Core Values

X-Teamers are incredibly diverse in so many ways, from skillsets to beliefs and beyond, but our core values are a baseline of attributes that we all share. They are the most important characteristics we look for before welcoming anyone into our community, and they are critical to making X-Team successful for many years to come. Thus, we decided to write down these characteristics and personal values, so there's never any doubt what we're all about.

Keep Moving Forward

"Keep Moving Forward" is more than a tagline for us, it's our #1 value, it's the heart of who we are and what we believe. Since the beginning, the people we've always wanted to be surrounded by are those who are always actively driving all aspects of their life forward. It's inspiring, it's motivating, and it's an energy unlike any other when you gather people from all corners of the world who share this core value.
Whether it's in our personal or professional lives, we strive to always be moving forward. We are not just human beings, we are human becomings. Whatever we can be, we must be, as Maslow said. We wake up each day and live by these three words so that we may push ourselves, those around us, our communities, and our world forward toward greater potential.
In our daily work, we showcase our forward-moving lifestyle by staying proactive.
The British Dictionary defines "proactive" as “tending to initiate change rather than reacting to events”. That is exactly how X-Teamers behave in their natural environment — remote work. We don’t wait for things to happen, we take control of our work, project, and situation and act.
Here are more ways we stay proactive with our work:
  • Driving projects forward: You don’t wait for that next ticket to get assigned to you; when you see a potential for improvement in the project you’re working on or a new feature comes to your mind, you’re the first to reach out, propose it, fix it, and do it. You are in control.
  • Becoming Unblockable: Remote work can be tough. All of us have had situations where we had to wait 12+ hours for someone to answer our question, clear out our doubts or just finish that task we’re dependent on.
    The key here is to do as much as possible in any given situation. Don’t just ask a question and leave it — propose a solution in the meantime, code something alternative that could solve the issue, show that you are proactive beyond the obstacles of being remote.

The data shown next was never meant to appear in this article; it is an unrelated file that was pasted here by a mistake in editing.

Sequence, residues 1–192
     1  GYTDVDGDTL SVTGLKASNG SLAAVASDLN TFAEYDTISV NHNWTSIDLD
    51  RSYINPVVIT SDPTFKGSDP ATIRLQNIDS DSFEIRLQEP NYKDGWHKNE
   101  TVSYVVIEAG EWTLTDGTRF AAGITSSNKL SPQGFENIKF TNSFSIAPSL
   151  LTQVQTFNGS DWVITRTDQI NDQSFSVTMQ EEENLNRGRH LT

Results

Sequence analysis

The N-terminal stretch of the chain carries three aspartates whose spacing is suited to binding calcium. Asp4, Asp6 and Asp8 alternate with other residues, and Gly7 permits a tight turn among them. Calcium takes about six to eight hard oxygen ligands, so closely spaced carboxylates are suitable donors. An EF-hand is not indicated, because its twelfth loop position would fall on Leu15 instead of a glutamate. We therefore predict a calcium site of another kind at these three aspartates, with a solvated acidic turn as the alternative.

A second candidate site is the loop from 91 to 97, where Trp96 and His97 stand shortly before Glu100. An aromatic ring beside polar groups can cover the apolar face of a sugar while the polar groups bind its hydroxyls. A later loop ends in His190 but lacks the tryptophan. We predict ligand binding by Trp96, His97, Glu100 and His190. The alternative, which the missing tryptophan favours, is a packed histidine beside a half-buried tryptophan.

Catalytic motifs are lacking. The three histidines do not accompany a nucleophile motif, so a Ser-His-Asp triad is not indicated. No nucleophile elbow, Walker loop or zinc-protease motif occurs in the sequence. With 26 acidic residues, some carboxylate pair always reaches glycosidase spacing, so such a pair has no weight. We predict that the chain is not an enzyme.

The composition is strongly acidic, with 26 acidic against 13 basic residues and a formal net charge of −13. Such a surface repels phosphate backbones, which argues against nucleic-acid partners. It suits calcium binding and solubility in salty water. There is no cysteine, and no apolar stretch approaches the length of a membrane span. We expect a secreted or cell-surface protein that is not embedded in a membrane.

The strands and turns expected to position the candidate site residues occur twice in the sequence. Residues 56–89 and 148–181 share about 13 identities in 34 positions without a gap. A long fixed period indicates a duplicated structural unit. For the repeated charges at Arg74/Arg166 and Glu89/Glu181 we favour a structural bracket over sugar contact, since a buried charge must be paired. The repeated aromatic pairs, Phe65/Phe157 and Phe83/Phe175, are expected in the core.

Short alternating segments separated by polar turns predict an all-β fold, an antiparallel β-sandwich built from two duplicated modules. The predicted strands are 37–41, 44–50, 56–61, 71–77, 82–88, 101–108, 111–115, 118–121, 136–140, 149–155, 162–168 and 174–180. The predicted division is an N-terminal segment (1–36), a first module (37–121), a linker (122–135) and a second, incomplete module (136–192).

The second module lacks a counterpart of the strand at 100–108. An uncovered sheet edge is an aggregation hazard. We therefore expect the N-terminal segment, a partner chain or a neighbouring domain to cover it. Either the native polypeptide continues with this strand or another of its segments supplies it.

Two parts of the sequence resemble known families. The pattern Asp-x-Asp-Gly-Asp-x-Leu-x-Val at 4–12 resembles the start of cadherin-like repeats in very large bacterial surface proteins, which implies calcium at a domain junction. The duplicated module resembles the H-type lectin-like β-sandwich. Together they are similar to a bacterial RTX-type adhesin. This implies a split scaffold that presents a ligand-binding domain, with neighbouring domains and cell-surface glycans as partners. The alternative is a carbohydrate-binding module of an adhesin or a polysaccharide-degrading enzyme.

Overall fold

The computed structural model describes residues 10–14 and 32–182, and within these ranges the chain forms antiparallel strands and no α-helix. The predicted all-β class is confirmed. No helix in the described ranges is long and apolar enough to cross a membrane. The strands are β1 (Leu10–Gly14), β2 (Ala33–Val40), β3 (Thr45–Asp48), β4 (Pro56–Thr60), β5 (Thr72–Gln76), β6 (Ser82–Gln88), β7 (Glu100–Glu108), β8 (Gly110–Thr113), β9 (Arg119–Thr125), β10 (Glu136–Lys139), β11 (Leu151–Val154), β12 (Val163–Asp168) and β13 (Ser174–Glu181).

• Be Adaptable: We all love technology, but that doesn’t mean any of us have to be that “I only do PHP/JS/Java” developer. We appreciate being open and adaptable to solve any given task, no matter the technologies and obstacles that we’re given. Every opportunity we’re given is an opportunity to learn and unleash our potential in new ways.
  • Not Needing Your Hand Held: There is a certain period in every project’s life when you’re the new recruit. Put yourself in the shoes of our partners — they need someone who can come in, take the initiative and hit the ground running in every project. They don’t need someone who needs to have their hand held through everything. It’s good to ask questions to remain ‘unblockable’, but always keep pushing forward as much as you can and never wait to be told what to do.
  • Be Iterative/Reflective: Everyone makes mistakes. The best ones reflect on them and progress in the next iteration. Take the time to reflect, learn and stay humble — no one’s perfect, we are always evolving and becoming better than we were yesterday.
  • Constantly Improve: Be hungry for more knowledge and expertise. Improve your skills and craft through courses, lectures, going to meetups and conferences. Keep the saw sharp. This industry is constantly changing, and only those who change alongside it will have the most rewarding careers.

Respect Others

When you have a community as diverse as ours, it's essential that respect is at the center of everything. We've spent 15 years doing just that, and it keeps us moving forward.
Respecting others -- their boundaries, backgrounds, beliefs, cultures, genders, etc. -- and always making others feel comfortable is paramount to us and is one of the most important values we uphold.
It's important that if you ever feel uncomfortable, disrespected, or experience toxic energy that you let us know. No one has ever been punished for telling us when they feel this way. We have a strong track record of taking immediate action. Inform your team manager, X-Team Ambassador, or even our CEO.
In fact, hear from X-Team's CEO, Ryan Chartrand, about the importance of respect at X-Team:

Communicate Actively

Building Trust

There is more to Active Communication than just building an awesome community, however. Keeping your comm lines open builds trust.